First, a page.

But we’re getting ahead of our story.

The enthusiasm for task chairs eventually waned, but in 1979 a chair specifically designed for “working at the computer” was created by Han Christian Mengshoel. Variously called the “kneeling chair” and the Balans chair, it helpfully provided for an open hip angle, but made movement difficult.

Believing that humans require support while sitting, ergonomists “optimal” design uniformly included a backrest and armrests.

By the 1980’s ergonomists had settled on a single design that was believed to be optimal. Believing that humans require support while sitting, this “optimal” design uniformly included a backrest and armrests. But more fundamentally, this design incorporated prejudice that good posture required that the ankle, knee, and hip joints all be at 90 degrees, a prejudice left over from the Victorian era that conflated upright posture with upright morals. Unfortunately, this 90/90/90 constraint demanded that lumbar support be added because the 90/90/90 posture anatomically erased the normal lumbar lordosis of the spine. The hope was that this natural spinal curve could be restored with an external bolster, but in practice most people find lumbar support intrusive and avoid using it.

This configuration of elements has been the enduring basis of the “ergonomic” office chair for the last 50 years despite continuing twin epidemics of back pain and sitting disease. Ergonomists and chair manufactures had settled on a single design, and saw no reason to further evolve the basic blueprint.

Basic “ergonomic” office chair.1

But the idea of forcing people into an “optimal” posture through the use of backrests, armrests, and lumbar support did not go unchallenged.


A contrarian strain of thought proposed that people be allowed to select, and adjust, their posture moment to moment, commensurate with the task at hand.


The idea of making a chair that encourage muscular engagement and movement while sitting presented some design challenges but these were easily overcome. Perhaps the earliest active seat was developed in 1991 by Pettibon, a chiropractor and inventor. Pettibon conceived his seat as a therapeutic tool for use in his chiropractor’s office rather than a chair per se. The idea was that patients would do supervised exercises on a seat that had a slightly unstable sitting surface with the goal of quickly aligning their posture into a balanced carriage. The instability of the surface encouraged patients to explore subtly different postures and so likely helped accelerate the process of self-discovery.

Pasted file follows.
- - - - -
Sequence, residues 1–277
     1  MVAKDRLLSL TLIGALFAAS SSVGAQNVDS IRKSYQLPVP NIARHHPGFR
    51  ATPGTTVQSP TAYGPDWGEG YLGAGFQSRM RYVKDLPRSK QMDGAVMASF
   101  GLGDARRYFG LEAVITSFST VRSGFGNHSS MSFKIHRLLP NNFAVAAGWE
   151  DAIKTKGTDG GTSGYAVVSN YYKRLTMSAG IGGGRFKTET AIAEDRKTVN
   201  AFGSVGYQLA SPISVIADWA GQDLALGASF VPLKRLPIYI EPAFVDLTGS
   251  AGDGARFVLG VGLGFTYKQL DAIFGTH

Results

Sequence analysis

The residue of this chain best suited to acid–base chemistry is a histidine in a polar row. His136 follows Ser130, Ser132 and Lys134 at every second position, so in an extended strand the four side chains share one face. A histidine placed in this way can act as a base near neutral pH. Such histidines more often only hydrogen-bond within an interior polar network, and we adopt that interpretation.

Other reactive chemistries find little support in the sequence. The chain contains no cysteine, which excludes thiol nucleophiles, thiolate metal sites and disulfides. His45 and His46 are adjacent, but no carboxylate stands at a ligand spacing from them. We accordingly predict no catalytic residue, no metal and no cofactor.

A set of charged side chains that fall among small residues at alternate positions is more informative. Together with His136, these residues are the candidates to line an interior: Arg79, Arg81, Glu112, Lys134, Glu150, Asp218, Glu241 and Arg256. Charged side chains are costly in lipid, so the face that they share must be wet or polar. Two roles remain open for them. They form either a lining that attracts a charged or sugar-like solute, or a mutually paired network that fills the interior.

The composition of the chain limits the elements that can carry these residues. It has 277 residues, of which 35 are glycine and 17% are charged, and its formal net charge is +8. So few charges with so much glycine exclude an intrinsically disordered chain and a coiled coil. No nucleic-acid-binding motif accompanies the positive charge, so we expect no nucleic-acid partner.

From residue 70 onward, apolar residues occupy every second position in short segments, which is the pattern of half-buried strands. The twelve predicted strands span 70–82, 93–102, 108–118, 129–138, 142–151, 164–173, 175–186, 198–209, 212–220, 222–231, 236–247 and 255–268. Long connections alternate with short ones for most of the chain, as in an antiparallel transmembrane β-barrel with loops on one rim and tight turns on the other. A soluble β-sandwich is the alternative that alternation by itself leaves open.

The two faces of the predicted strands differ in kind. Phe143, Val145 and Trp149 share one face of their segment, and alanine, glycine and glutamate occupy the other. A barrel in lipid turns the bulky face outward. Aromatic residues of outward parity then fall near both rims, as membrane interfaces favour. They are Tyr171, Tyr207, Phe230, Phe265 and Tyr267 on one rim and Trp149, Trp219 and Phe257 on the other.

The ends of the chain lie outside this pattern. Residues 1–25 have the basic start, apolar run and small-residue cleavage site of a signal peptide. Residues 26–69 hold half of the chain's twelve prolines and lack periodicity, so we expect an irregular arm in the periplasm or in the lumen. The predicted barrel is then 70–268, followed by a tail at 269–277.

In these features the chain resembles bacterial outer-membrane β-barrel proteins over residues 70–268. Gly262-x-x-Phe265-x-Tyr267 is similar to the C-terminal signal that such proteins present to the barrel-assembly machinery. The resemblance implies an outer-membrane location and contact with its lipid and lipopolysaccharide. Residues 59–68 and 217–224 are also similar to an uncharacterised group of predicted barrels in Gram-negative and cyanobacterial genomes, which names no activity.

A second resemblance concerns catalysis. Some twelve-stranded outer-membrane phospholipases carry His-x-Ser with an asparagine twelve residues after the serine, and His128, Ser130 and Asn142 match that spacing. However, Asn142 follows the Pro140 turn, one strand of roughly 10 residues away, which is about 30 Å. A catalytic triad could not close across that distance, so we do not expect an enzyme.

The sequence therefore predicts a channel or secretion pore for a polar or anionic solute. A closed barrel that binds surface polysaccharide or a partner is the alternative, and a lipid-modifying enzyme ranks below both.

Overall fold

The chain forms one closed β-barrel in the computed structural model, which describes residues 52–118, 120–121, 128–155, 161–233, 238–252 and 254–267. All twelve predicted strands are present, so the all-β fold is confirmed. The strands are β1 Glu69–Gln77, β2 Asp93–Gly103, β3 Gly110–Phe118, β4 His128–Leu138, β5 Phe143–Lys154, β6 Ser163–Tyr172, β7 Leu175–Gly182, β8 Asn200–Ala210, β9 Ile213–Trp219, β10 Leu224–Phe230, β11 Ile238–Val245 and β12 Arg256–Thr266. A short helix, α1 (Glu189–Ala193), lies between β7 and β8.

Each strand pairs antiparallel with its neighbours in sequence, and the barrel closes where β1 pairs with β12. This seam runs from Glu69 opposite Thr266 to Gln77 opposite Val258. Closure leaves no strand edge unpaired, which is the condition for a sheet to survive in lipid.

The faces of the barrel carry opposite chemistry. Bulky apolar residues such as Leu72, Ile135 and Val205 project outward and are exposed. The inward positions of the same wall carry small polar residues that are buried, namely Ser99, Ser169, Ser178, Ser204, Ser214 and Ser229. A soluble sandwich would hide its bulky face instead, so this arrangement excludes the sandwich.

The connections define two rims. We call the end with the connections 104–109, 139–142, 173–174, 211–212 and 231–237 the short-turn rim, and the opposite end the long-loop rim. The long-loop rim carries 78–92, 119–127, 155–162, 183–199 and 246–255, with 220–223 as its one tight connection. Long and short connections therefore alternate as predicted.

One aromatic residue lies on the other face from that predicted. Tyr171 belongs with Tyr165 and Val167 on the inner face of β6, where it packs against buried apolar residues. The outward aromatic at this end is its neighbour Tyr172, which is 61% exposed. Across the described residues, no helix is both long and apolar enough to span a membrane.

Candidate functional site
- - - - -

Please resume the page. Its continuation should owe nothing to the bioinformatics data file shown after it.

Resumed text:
Because of its size, design aesthetic, and cost the Pettibon chair wasn’t appropriate for home or office use. But other chairs that facilitated balanced sitting soon appeared that were more appropriate for home and office use. Chairs from MiShu (Germany), Core Chair (Canada) and QOR360 (USA) all used different designs, but all provided omnidirectional tipping of the seat pan as well as rotation and height adjustment.

Core Chair


These chairs all allow for a balanced posture that can respond moment-to-moment to the task at hand. These moment-to-moment adjustments require continuous core muscle engagement, a further advantage that increases metabolic rate and reduces the likelihood of “sitting disease”.


The question is, which kind of furniture do we want to sit on?


Chairs have come a long way since Tutankhamen’s throne, and it’s certain that more innovations will follow. But it does feel like we’re at an inflection point where instead of our chairs imposing posture on us, we will be in the driver’s seat, creating our best posture on the fly. As Russell Lynes, in his introduction to Hanks’ Innovative Furniture in America (1981), observed, there are “two kinds of furniture: one kind on which we impose our wills in order to derive the greatest degree of comfort suitable to the place and circumstances under which it is used, and the other kind which imposes its will on us and makes us behave as it dictates”.

The question is, which kind of furniture do we want to sit on?



1By Brooklyn Museum

Reading next

Kids, ADHD, and the Science of Sitting

Leave a comment

All comments are moderated before being published.

This site is protected by reCAPTCHA and the Google Privacy Policy and Terms of Service apply.